2 Drinks or Not 2 Drinks?

Riding subway this morning, on my way to meet a new client, I overheard this following exchange between 3 young professionals.

  • First lady: That’s when he asked me my opinion.
  • Second lady: Nooo! That’s crazy. What did you say!
  • First lady: I was like, “Oh, so you wanna turn this into a Line Manager feedback session? Fine with me.”
  • Third lady: You’re crazy! She chuckled.
  • First lady: Yep, and with that, I proceeded to have a big glass of wine and told him what I think….”

YIKES! In my experience this type of exchange between a manager and employee does not end well! Just like oil and vinegar don’t mix, neither does alcohol and feedback! When out with colleagues, especially your boss, any topic called “candid feedback” is dangerous territory. If ever it comes up and you’re in earshot, I suggest you bolt out of there. Don’t take the bait! Make a joke, change the subject, fake a phone call, head to the bathroom, do anything to keep out of that conversation. I know, I know….in the moment it seems cordial, even inviting. Why not let your let the boss in on what’s really going on at work? This could help everybody, right? You’re just doing what no one else will. And besides, he asked!

Don’t bee fooled by this open gesture. The fallout can be horrible. You might say something that another employee asked you to keep confidential. You might criticize your boss’ performance and he remembers this at your next review. Or you may say something negative about someone who soon after becomes your boss.

I have a client who told me this story. At a departmental dinner one manager asked another how he felt about a woman who worked in the organization but wasn’t on their team. He responded; “She’s a mess! I would never work for that b—-.” In less than six months this same lady was brought in to lead the division. Coincidentally, one month later the manager who made the remark was demoted and forced to work in another office. The explanation given was “…his work stream had been moved”.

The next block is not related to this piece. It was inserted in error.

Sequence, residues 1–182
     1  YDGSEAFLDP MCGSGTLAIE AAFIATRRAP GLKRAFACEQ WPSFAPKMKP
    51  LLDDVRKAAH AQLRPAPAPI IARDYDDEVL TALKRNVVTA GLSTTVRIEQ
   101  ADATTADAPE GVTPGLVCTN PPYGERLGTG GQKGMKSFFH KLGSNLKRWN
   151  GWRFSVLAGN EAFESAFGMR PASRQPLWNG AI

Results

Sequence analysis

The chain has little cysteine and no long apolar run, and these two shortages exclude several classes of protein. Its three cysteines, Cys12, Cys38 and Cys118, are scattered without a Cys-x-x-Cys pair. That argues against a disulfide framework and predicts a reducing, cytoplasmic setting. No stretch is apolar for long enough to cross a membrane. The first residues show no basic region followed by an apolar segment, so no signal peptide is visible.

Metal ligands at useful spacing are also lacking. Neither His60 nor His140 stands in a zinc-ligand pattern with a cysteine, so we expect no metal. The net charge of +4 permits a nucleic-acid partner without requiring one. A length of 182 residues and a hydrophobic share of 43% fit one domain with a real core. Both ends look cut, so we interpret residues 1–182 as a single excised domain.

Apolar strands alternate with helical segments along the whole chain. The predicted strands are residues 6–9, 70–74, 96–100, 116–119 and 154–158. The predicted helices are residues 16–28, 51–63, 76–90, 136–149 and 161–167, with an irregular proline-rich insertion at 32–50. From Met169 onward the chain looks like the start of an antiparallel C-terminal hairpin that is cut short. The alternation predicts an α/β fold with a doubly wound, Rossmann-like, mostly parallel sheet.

It may be that the two events had nothing to do with each other, but I doubt it. Even if they were unrelated, you never want to open yourself up to the possibility of having your career negatively affected by reckless words.

Here are some tips to safeguard your reputation when hanging out socially with colleagues.

Alcohol

  • Avoid alcohol! That’s my best advice. But if you feel pressured, then order 1 drink and 1 glass of water at the same time. Sip both alternately and when they are done keep drinking water. One drink should be your max.
  • Order club soda or tonic water with a lime twist. People will think you’re drinking vodka or gin and tonic. This gives the allusion that you are drinking along with everyone else.
  • “Accidentally” knock your drink over when the conversation gets negative. Your colleagues will cut you off for sure and that will be enough of a distraction to change the subject.

Conversation

  • Excuse yourself from any conversations that could be negative or contentious.
  • Only make comments that you would feel fine repeating to small children or in Church…during service!
  • Show up with a list of your own topics to talk about. These you can expertly switch to when the conversation seems to be going in the wrong direction.
  • Keep your cell phone close at hand in case you “need” to check on the baby sitter or an ill parent.
  • Talk about the food at the restaurant or the bathroom. Both of these are easy deflections and can go on forever. They make a great distraction.
  • Only make neutral comments about other employees. Join in the conversation, but keep it light.

To quote one of my mentors;

“At your level there’s no such thing as a throw-away statement!”

Attendance

  • Show up right at the beginning and leave politically early.
  • Attend events you are invited to as often as possible. This will give you a sense of who generally starts dangerous conversations.
  • Intend to eat! And nibble the whole time. It’s hard to say the wrong thing with a mouth full of food.

Most of all, whenever you’re out with colleagues keep the conversation light and away from work.

Hope this helps. Be careful out there!

The Meeting Coach